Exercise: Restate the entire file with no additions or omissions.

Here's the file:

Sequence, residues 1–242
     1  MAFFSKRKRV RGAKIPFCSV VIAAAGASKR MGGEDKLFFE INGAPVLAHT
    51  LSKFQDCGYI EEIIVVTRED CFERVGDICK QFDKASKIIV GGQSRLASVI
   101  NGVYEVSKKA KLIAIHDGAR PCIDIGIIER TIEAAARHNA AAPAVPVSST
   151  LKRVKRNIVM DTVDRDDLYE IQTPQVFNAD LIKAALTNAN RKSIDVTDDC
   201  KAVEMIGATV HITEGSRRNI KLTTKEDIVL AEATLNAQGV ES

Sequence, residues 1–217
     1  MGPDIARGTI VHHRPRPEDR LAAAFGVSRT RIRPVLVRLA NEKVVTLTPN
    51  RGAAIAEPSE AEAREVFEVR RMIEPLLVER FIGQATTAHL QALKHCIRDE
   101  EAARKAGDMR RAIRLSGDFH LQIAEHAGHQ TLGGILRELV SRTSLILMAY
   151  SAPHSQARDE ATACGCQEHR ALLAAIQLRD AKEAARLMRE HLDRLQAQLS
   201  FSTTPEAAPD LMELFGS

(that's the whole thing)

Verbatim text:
Sequence, residues 1–242
     1  MAFFSKRKRV RGAKIPFCSV VIAAAGASKR MGGEDKLFFE INGAPVLAHT
    51  LSKFQDCGYI EEIIVVTRED CFERVGDICK QFDKASKIIV GGQSRLASVI
   101  NGVYEVSKKA KLIAIHDGAR PCIDIGIIER TIEAAARHNA AAPAVPVSST
   151  LKRVKRNIVM DTVDRDDLYE IQTPQVFNAD LIKAALTNAN RKSIDVTDDC
   201  KAVEMIGATV HITEGSRRNI KLTTKEDIVL AEATLNAQGV ES

Sequence, residues 1–217
     1  MGPDIARGTI VHHRPRPEDR LAAAFGVSRT RIRPVLVRLA NEKVVTLTPN
    51  RGAAIAEPSE AEAREVFEVR RMIEPLLVER FIGQATTAHL QALKHCIRDE
   101  EAARKAGDMR RAIRLSGDFH LQIAEHAGHQ TLGGILRELV SRTSLILMAY
   151  SAPHSQARDE ATACGCQEHR ALLAAIQLRD AKEAARLMRE HLDRLQAQLS
   201  FSTTPEAAPD LMELFGS